- August 27, 2009
Gulf Coast Week
County mayor blocked
Three judges upheld an earlier judge's decision to remove a charter amendment from the November ballot that would allow voters to decide whether Hillsborough County should move to a county mayor form of government.
Judges ruled in favor of Hillsborough County Elections Supervisor Buddy Johnson. The appeals court said a clause placed in the amendment by Elected County Mayor Political Committee Inc. that called for the election of a county mayor in 2008 - ahead of when voters would decide whether to amend the charter - made it impossible to enforce.
Tampa attorney Mary Ann Stiles, the leader of the county mayor charter initiative, is appealing the decision to the state Supreme Court, but it is likely there won't be enough time to get the measure on the November ballot.
However, a voters referendum to give a county mayor veto power remains on the ballot. Stiles plans to use the results to demonstrate support for a county mayor.
Zoo audit requested
The head of Tampa's Lowry Park Zoo, Lex Salisbury, is being asked to prove that his entrepreneurial work in Polk County hasn't created a conflict with the taxpayer-backed zoo.
Hillsborough County Administrator Pat Bean has asked the zoo to make sure that no county money was used for Salisbury's private animal park, Safari Wild, in Polk County.
Bean sent a letter to the zoo asking for a copy of its independent audit of transactions with Safari Wild.
Salisbury faces criticism for a potential conflict after reports that the zoo had built two barns on Safari Wild's property.
Annual budget done
For the second consecutive year, Manatee County commissioners have approved a budget that will decrease countywide spending. The new budget, approved Sept. 15 after four months of public meetings and debates, is for a total of $531 million - down more than $40 million from last year's approved budget.
Most of the county's budget cuts have already been put into action, such as a phasing out of the county's environmental management department, which has been going on since the summer. Other cuts will be the result of inaction, such as freezing raises on the county's 3,000 employees and leaving about 90 open positions unfilled.
County officials said they would be dipping into budget reserves to pay for government services, a move also made by Sarasota County officials when they recently pared down that county's annual budget. Manatee County cut spending by about $20 million last year.
New LWR anchor store
One of the largest retail commercial developments in east Manatee County, Lakewood Ranch's Main Street, is getting a new anchor tenant. The space, formerly occupied by Morton's Gourmet Market, will open as an Ada's Natural & Organic Foods supermarket store early next year.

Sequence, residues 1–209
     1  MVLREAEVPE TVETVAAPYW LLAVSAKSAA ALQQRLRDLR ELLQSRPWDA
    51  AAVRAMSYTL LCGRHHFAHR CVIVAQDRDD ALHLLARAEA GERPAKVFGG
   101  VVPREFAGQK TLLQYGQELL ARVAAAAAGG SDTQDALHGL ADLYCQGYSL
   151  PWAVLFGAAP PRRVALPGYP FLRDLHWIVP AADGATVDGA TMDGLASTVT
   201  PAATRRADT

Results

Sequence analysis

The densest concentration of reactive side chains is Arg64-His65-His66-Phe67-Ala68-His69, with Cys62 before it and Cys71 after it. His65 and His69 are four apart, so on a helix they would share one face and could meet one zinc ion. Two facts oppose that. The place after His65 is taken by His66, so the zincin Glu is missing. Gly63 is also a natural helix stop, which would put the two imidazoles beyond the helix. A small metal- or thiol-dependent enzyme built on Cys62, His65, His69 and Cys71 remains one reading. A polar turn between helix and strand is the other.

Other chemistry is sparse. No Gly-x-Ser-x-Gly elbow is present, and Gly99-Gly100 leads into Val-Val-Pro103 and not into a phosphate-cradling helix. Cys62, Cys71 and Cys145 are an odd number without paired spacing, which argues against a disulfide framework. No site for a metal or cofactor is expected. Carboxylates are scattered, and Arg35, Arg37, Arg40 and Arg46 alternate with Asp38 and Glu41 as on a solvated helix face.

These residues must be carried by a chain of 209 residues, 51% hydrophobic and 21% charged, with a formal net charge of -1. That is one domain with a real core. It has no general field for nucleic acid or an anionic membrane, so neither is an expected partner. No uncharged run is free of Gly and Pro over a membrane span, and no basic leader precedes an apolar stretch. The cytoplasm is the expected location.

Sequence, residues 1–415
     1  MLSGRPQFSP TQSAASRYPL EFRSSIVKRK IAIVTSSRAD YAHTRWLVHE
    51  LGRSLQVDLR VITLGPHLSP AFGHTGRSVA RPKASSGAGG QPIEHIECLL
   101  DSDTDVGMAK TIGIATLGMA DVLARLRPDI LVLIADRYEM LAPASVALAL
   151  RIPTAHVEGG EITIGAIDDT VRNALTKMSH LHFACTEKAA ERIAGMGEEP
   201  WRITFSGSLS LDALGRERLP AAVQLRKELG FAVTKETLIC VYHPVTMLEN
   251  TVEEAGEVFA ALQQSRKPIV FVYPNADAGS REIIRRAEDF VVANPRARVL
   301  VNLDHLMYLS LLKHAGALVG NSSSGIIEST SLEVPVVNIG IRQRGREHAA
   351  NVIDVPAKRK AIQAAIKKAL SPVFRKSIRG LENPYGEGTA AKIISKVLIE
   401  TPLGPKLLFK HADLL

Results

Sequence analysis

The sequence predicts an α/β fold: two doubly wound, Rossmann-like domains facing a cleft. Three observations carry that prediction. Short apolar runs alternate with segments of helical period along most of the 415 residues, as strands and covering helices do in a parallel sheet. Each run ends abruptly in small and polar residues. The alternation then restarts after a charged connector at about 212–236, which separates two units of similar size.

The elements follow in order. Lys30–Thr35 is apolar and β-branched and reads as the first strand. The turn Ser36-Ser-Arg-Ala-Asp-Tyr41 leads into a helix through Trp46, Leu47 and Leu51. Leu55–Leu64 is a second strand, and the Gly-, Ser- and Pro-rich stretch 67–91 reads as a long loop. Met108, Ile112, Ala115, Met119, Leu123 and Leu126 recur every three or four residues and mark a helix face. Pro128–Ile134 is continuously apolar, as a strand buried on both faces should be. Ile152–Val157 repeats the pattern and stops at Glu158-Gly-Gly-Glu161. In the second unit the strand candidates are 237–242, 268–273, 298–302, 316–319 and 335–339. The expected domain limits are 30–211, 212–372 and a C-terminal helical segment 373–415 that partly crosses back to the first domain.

Fort Myers-based Ada's offers a variety of organic and natural foods, a formula that has been successful in its flagship store. In addition to the Lakewood Ranch store, Ada's plans to open four other stores in Florida between the end of the year and 2009, including one in Estero and one in Naples.
Ada's would also become the second organic products store to open in east Manatee County; a Fresh Market is scheduled to open on University Parkway, a few miles from Lakewood Ranch, by the end of the 2008.
Morton's Market closed in February, leaving the 10,000-square-foot space empty. The store is the front anchor for Main Street, which also includes a Chico's and a movie theater.
Buy local program
The Economic Development Corp. of Sarasota County is unveiling its first "buy local" program later this month. The campaign is designed to encourage local business leaders and government officials to buy services and products from other local businesses.
"When local business supports local business, everyone wins," EDC President and CEO Kathy Baylis says in a statement. The program, which includes advertising in print and online publications, is built on a theme of "Sarasota County One: We're in Business Together."
Mega-dorm at Ave Maria
Ave Maria University, the new Catholic institution in east Collier County, plans to build a 552-student "mega-dorm." The facility will also have room for two residence directors and four priests.
The dorm, which is scheduled to open in August 2009, will include a large meeting space, laundry facilities, computer labs, meeting rooms and sitting areas. There will be a chapel on the top floor.
"The new 'mega-dorm' will allow us to continue to recruit and accept new students without constantly having to worry about whether or not we are going to have room for them and it also enables us to keep the men's and women's dorms separate," says Tom Monaghan, the founder of Domino's Pizza who provided funding for the university with the proceeds from the sale of his company.
Lee housing gets absorbed
Two areas particularly hard hit by the real estate decline in Lee County - Cape Coral and Lehigh Acres - showed strong gains in sales of single-family homes in August, according to the Southwest Florida Real Estate Investors Association.
Buyers in Cape Coral bought 9% of the inventory of 4,293 homes listed for sale in August and buyers in Lehigh Acres bought 5% of the 2,730 homes listed for sale.